Standard for Reporting: Information is reportable if it is “known or reasonably ascertainable.” EPA plans to issue new guidance for companies in this area. To comply with this reporting standard, companies must evaluate what they know about the products they manufacture and/or import, as well as evaluate whether there is additional information that a reasonable person, similarly situated, would be expected to know, possess, or control. The level of effort and the time it takes to exercise the necessary due diligence and gather the required information will vary, depending on the size of the company and the complexity of its supply chain. Companies are expected to conduct a reasonable inquiry within the full scope of their organization (not just the information known to managerial or supervisory employees). Beyond these internal inquiries, EPA expects companies may have to contact suppliers or others to understand their import or production of PFAS. EPA’s reporting guidance is here.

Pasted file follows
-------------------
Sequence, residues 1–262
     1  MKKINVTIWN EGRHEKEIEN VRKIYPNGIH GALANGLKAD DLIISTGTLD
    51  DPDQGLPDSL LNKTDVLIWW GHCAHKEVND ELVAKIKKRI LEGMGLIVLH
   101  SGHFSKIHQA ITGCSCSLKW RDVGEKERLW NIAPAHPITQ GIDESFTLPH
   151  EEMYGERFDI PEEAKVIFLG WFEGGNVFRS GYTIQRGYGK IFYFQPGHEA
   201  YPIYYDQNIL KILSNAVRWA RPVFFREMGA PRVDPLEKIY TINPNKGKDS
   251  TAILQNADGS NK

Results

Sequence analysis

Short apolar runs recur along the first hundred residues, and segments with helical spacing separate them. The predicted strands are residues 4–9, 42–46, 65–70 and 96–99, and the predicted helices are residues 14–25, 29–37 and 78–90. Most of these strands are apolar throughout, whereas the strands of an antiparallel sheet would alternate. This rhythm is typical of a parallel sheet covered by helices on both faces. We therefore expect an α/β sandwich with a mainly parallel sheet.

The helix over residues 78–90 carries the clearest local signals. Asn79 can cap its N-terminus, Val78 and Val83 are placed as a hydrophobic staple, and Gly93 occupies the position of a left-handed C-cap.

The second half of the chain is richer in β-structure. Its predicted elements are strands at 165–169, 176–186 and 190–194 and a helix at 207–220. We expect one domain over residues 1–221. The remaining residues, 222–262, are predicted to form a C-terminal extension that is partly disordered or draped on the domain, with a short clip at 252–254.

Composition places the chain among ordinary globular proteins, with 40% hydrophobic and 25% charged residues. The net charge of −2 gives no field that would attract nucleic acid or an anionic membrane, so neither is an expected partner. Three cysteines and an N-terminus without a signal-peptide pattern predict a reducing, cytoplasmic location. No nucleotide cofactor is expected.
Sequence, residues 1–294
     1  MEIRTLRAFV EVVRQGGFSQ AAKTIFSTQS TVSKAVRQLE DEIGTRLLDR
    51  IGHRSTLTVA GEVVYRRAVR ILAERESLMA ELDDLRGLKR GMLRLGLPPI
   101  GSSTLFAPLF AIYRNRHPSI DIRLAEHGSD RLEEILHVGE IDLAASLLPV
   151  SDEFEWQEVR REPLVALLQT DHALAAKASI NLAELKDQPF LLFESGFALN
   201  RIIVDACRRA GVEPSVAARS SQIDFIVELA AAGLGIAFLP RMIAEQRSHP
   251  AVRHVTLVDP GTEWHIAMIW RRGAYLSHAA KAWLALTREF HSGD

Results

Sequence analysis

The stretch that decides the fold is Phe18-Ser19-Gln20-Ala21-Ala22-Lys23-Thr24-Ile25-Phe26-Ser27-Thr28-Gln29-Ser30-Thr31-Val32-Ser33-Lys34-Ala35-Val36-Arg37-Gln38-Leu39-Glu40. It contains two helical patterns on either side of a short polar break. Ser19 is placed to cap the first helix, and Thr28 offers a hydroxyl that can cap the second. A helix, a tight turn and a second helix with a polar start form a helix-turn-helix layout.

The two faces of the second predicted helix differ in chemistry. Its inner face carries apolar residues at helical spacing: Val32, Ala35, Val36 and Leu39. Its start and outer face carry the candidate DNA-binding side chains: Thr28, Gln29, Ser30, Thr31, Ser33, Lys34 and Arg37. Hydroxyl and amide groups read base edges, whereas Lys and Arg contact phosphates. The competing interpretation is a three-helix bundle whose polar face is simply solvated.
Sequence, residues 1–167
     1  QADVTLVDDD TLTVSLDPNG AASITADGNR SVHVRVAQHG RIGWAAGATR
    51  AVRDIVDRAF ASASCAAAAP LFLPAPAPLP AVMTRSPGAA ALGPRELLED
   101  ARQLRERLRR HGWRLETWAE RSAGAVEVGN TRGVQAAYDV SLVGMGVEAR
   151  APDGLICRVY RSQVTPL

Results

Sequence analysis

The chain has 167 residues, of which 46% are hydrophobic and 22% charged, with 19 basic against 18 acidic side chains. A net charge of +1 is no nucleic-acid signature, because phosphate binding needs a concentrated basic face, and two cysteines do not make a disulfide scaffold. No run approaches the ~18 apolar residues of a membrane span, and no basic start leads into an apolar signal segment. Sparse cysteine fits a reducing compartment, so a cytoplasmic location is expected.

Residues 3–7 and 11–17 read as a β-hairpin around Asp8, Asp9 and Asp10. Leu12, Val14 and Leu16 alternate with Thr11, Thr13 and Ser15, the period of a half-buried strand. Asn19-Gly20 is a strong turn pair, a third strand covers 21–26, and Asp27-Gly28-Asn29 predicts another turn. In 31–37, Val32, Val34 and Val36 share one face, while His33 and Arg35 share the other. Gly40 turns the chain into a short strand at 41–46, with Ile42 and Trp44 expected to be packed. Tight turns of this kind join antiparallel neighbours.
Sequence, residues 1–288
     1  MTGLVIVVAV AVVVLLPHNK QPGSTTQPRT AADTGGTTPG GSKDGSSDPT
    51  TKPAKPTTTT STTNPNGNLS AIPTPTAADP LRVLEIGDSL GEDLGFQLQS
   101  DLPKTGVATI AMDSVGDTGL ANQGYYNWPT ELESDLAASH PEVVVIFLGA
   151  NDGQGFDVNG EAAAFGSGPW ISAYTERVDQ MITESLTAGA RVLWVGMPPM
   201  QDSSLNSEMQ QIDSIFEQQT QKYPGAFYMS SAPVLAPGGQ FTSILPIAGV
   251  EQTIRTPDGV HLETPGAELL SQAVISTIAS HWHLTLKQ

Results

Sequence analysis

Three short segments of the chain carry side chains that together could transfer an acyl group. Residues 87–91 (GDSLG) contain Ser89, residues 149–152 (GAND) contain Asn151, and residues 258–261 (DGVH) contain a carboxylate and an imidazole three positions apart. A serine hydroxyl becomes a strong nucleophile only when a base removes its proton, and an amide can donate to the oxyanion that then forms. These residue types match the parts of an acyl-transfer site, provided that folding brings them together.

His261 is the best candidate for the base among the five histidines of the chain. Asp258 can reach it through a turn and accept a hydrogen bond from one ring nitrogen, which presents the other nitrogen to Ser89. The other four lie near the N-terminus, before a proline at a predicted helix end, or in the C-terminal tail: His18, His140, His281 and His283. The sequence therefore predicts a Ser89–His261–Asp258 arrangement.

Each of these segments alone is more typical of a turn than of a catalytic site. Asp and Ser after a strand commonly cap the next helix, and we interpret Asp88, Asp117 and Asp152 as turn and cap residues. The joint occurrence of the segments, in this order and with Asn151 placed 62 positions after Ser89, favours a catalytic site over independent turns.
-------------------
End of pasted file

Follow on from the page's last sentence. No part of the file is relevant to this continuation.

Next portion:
No New Data or CASRN Required: This rule does not require reporting companies to generate new test data or obtain a CASRN or other identifier for a substance without such a number for the purpose of complying with this rule.
Required Forms and Information: EPA has developed a shorter form for article importers that do not know or cannot reasonably ascertain all of the information on the longer standard form. EPA is providing a similar accommodation for manufacturers of R&D substances in quantities below 10 kilograms annually. Any information concerning health and environmental effects must be reported using OECD-harmonized templates, where such templates exist for the type of data. OECD templates are accessible to the public online on the OECD website. All information must be submitted electronically, via EPA’s Central Data Exchange (CDX). See Table 1 below for specific data elements.